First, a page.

About 7%-14% of women have migraines only at the time of menstruation; these are called true menstrual migraines. Menstrual migraine attacks usually last longer than other migraine attacks, and short-term treatments do not work as well with menstrual migraines as they do with other kinds of migraines.
The frequency and severity of these attacks lead to a high disease burden and a significant decrease in life quality. These patients often use preventative medication on a five day regimen that begins 2 days before the menses. Each day, a non-steroidal anti-inflammatory drug (NSAID) is given in a regular dose as usually prescribed for moderate to severe pain. In addition at day 3, a deliberate Triptane (a serotonin receptor agonist drug) is given.
Currently the appropriate NSAIDs and Triptane tablets must be taken separately on each of the five consecutive days of the preventive treatment. We’d like to develop a medical device for these patients that handles the dosing and timing. We expect that this device will offer our patients more freedom and will also help increase compliance with the medication schedule.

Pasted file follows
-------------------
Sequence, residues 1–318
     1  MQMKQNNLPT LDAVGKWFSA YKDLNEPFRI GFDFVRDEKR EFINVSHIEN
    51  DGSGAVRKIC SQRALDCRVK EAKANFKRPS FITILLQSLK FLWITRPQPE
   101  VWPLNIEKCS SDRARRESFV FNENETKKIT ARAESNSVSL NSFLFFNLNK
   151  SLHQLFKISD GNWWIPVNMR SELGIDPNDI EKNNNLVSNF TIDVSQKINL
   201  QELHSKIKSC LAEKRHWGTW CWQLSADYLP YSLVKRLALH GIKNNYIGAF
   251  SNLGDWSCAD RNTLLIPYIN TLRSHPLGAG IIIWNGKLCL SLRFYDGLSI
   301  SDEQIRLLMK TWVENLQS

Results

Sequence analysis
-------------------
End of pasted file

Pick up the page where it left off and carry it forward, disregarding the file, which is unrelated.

Your application technology should allow the application of an NSAID and a triptan over five days in timely manner. The patient should be able to initiate the total medication in one action. The less invasive the technology is, the better (injections should be avoided).
1. What kind of technology would you propose?
2. How is the medication applied?
3. Why do you think your proposed application technology will increase compliance for the patient (i.e. taking the right doses at the right times)?
4. Would your technology need a specific NSAID and/or Triptane drug? If so, why?
Use any charts, diagrams, images, sketches, or visuals to help communicate your idea.
Please note: your submission should not suggest a medication that can be taken orally
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